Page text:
Author: Joel Barlow

Joel Barlow, by Robert Fulton, 1805

Born in 1754 in Connecticut, Joel Barlow (17541812) began studying at Yale in 1778. His studies interrupted by the Revolutionary War, Barlow traveled to Europe, where he lived for the next seventeen years. During his time abroad, Barlow embraced a more radical political philosophy than his American contemporaries and became an ardent supporter of the French Revolution. He was able publish his works in America with help from important supporters like George Washington, who wrote that the poet was “considered by those who are good Judges to be a genius of the first magnitude; and to be one of those Bards who hold the keys of the gate by which Patriots, Sages and Heroes are admitted to immortality.”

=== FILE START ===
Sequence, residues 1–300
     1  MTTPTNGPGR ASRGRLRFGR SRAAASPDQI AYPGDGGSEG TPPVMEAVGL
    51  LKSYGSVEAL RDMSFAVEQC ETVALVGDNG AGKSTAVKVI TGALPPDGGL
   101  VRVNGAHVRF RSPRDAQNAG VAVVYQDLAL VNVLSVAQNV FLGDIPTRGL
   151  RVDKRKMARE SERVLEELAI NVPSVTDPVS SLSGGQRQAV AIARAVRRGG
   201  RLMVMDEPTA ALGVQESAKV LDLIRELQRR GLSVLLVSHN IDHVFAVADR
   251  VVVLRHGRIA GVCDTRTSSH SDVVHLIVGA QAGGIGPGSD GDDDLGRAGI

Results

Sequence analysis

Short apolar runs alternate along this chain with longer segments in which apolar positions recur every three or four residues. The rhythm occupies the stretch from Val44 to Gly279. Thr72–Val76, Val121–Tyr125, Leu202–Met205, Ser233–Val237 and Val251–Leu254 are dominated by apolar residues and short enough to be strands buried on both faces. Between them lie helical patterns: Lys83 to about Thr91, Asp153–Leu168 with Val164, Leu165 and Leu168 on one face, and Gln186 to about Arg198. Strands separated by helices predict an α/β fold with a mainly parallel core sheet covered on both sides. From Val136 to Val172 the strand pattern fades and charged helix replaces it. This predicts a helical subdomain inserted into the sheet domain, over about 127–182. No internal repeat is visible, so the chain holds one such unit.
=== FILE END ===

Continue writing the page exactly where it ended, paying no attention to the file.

Excerpt from The Columbiad

Joel Barlow

In 1807 the American poet, diplomat, businessman, and politician Joel Barlow (1754–1812) published an epic poem about Columbus, a more elaborate version of his earlier work The Vision of Columbus (1787). After reading this first poem, George Washington wrote to the Marquis de Lafayette about Barlow, declaring that the poet was “considered by those who are good Judges to be a genius of the first magnitude; and to be one of those Bards who hold the keys of the gate by which Patriots, Sages and Heroes are admitted to immortality.”